Friday, Jan. 12, 2018|2 a.m.
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One’s mission in life typically depends upon a crossway– at the corner of function and chance.
Pete Souza, former chief official White Home photographer throughout President Barack Obama’s administration, put that corner approach on full display screen recently at the Newseum in Washington. Souza was on hand to discuss his inspirational, new book, “Obama: An Intimate Picture.”
A 90-minute photo slide show and all, prior to a sold-out audience. His engaging presentation was more than simply an image program. It also had to do with humanity and relationships– aspects to which all of us can relate.
By now, most of us have checked out or seen on tv news the numerous media listings in the Leading Stories of 2017 genre. In the leading social networks stories category, we have actually been advised of Obama’s poignant Twitter publishing in the consequences of the Charlottesville catastrophe.
Because Twitter post, Obama priced quote former South African president/activist Nelson Mandela: “Nobody is born hating another person due to the fact that of the color of his skin or his background or his religious beliefs.” The Tweet is accompanied by a photo of Obama, fit jacket slung over his shoulder, smiling and greeting a group of children of different races at a window of a day-care center in Maryland.
Enduring significance, for sure.
Souza caught that photo of Obama and the kids on June 9, 2011, however its message resounded worldwide throughout the rough very first year of Donald Trump in the White House. Inning accordance with Twitter, it was the second-most retweeted posting of 2017 and the most “liked” post in Twitter history.
Souza, on this day at the Newseum, informed us that picture was among his favorites. In his encyclopedia-like book chock-full of vibrant images, memories and reflections in 349 over-size pages, Souza gave the picture a page unto itself. No sharing.
Souza’s crossway with Obama began in January 2005. Obama was the young U.S. senator from Illinois; Souza was a Washington-based photographer for the Chicago Tribune. Tribune political author Jeff Zeleny (now with CNN) asked Souza to take images of the freshly chosen senator for a series of extensive story plans.
That’s when Souza began his musings about the future. “I believed to myself,” Souza recalled, “could I be observing the future president of the United States?”
Later, when Obama indeed began his presidential run in 2007, Souza existed. Nevertheless, that summer, he resigned from the Tribune to accept a position as a photojournalism teacher at Ohio University. Souza still found time to periodically picture the then-senator and even published a book on Obama.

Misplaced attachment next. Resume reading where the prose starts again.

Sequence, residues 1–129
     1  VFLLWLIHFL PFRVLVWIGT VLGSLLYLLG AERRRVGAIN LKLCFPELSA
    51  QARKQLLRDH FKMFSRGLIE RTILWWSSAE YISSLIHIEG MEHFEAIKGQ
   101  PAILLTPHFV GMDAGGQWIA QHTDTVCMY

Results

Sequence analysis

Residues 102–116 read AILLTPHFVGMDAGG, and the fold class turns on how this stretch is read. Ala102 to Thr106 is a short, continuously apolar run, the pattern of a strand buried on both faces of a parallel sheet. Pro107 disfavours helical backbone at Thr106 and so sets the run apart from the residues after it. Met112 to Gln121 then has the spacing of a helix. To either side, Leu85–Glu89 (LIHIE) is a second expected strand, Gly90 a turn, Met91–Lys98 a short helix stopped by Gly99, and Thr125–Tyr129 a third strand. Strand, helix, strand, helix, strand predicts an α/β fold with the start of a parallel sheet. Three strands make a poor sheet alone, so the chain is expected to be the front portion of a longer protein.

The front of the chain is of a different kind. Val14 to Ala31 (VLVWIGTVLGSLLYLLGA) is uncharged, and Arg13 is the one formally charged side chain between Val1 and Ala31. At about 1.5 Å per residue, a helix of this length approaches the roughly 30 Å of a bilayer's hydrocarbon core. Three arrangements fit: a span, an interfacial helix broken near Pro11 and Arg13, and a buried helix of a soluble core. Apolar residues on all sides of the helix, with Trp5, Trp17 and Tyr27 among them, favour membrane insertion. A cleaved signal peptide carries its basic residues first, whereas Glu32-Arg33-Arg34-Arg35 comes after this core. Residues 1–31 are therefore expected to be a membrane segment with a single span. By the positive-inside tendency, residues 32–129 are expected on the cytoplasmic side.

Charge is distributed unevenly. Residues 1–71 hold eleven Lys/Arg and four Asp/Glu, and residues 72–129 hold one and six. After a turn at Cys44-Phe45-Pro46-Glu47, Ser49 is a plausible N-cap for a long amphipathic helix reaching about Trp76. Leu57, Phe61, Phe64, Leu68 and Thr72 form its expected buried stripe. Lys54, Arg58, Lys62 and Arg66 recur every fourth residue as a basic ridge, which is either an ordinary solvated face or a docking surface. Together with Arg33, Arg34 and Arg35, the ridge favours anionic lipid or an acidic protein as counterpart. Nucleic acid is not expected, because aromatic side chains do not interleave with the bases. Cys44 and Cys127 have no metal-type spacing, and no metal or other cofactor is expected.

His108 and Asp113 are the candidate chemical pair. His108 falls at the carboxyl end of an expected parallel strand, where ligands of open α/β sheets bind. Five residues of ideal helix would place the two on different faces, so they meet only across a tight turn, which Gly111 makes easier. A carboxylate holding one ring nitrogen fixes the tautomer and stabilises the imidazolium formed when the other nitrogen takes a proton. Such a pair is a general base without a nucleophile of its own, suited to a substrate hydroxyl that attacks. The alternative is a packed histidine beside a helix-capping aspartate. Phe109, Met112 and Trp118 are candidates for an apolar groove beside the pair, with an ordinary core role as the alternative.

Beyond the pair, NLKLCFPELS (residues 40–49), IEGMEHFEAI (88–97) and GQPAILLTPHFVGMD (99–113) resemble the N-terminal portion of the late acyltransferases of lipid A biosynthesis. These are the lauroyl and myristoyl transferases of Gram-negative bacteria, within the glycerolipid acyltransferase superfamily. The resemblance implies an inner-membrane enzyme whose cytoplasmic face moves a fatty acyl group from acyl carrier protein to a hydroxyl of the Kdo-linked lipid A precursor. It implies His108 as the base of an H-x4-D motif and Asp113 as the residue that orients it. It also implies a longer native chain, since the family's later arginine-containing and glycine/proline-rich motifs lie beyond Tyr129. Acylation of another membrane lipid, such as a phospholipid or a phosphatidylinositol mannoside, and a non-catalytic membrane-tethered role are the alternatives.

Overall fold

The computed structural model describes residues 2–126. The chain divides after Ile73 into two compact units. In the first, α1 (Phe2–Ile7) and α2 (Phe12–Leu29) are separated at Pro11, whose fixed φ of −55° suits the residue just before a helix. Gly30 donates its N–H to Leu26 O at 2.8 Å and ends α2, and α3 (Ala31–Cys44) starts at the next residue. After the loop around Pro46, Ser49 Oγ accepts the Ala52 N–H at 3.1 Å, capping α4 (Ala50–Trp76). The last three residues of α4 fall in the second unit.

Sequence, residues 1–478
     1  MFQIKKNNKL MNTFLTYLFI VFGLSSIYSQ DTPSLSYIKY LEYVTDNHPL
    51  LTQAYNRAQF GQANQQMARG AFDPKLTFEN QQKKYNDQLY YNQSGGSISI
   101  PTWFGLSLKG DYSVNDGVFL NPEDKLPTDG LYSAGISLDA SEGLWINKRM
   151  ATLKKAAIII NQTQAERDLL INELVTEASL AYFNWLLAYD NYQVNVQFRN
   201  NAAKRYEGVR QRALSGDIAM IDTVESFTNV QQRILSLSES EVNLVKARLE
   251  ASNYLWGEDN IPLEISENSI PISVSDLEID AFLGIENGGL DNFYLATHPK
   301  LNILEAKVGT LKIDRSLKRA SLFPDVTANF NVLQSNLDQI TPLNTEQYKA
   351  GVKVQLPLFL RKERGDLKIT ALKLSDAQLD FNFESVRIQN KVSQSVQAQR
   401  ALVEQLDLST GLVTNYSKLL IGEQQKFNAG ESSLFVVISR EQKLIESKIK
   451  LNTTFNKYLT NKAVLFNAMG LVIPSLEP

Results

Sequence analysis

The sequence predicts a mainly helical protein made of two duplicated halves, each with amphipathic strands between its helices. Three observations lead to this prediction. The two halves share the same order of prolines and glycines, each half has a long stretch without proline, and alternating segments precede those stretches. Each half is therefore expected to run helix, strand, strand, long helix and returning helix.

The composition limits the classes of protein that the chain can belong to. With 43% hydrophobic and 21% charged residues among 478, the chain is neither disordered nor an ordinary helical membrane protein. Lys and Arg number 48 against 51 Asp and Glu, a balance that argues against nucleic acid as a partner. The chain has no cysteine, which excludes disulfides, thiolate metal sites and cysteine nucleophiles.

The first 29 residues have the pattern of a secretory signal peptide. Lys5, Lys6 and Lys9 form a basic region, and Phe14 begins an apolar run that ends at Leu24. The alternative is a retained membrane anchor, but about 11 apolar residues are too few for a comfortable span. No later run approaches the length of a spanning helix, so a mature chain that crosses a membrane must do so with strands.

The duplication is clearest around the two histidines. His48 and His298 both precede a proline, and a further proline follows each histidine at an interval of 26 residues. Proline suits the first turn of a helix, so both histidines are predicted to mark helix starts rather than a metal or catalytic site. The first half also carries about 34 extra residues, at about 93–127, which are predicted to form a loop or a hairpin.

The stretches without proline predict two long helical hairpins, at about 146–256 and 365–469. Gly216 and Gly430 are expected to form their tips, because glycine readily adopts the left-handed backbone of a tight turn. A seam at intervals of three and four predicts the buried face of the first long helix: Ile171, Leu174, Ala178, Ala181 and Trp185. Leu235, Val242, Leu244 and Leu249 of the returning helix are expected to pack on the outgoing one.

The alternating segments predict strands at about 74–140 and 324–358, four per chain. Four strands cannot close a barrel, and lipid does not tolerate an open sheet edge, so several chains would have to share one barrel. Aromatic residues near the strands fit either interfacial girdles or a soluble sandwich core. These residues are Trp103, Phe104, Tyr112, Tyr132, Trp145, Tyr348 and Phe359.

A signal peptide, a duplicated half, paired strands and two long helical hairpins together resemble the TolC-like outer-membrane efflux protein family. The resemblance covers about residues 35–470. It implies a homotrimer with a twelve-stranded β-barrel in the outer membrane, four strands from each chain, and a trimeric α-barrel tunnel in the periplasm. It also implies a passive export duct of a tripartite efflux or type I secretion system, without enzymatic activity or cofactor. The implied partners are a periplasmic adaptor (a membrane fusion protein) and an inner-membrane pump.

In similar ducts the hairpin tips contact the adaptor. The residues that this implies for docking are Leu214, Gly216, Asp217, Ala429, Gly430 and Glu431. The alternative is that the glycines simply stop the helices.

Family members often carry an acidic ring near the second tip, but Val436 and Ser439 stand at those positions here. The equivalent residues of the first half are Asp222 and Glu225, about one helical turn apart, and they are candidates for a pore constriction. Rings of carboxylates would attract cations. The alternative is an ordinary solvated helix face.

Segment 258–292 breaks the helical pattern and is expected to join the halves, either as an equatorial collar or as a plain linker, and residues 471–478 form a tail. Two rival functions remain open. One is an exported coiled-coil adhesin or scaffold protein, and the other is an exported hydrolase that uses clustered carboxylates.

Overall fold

After Obama won the 2008 election, Souza got a call from Robert Gibbs, Obama’s press secretary at the time. Souza stated he had one issue for Gibbs: “I remember informing him that in order to do the job, I had to have access. Access to whatever. All the crucial stuff, the minutes when choices are made. Even if it was categorized.”
Souza associated that Gibbs reacted, “Obviously, the president-elect gets it.”
Done deal. That’s when Souza took a younger guy’s gig at age 54.
Speaking of “all the essential stuff,” most Americans keep in mind May 1, 2011. That was the day of “Geronimo”– the United States armed force’s code name for Osama bin Laden. Turn to Page 130 in the book; you will see that renowned picture of Obama and his personnel watching in real time the Navy SEALs’ raid that eliminated the international terrorist in Pakistan. The White Home staff occupied a cramped conference room near the Scenario Room.
Gen. Marshall “Brad” Webb beinged in a high-back, dark-leather chair at the head of a table. He was operating a notebook computer that offered a communications linkup with the bin Laden mission.
A back-story of humbleness: Souza told us that when Obama got in the room, Gen. Webb intuitively rose up from his chair, thinking, of course, in deference to the president that Obama wanted the head chair. However, Obama informed the basic to stay in the head chair, as the president moved to a regular chair.
Would Donald Trump ask a general not to get up upon Trump’s entrance?
Souza’s disdain for Trump was apparent throughout his presentation, though he never pointed out Trump by name. At the beginning of his slide show, Souza blurted, “This is not phony news.” The Newseum audience roared with laughter and applause.
Souza, grandson of Azorean Portuguese immigrants to the United States, offered us with a huge number: He clicked 1.9 million pictures throughout Obama’s eight-year tenure.
From all corners of the world– from a roof restaurant in Moscow to the Holocaust Museum in Jerusalem to a fist-bump with a janitor in Washington to a discrete chat with Russian leader Vladimir Putin in Normandy, France, on the 70th anniversary of D-Day.
Souza’s slide program caused Newseum audience members to audibly ooh and ahh sometimes, groan in others.
Souza wistfully mentioned how he and Obama ended up being close friends through their world travels. As Obama composed in his foreword for Souza, “I probably invested more time with Pete Souza than with any person other than my family … “
Time at the intersection of photographer and president.
Gregory Clay is a Washington writer and a former editor for McClatchy-Tribune News Service. He wrote this for InsideSources.com.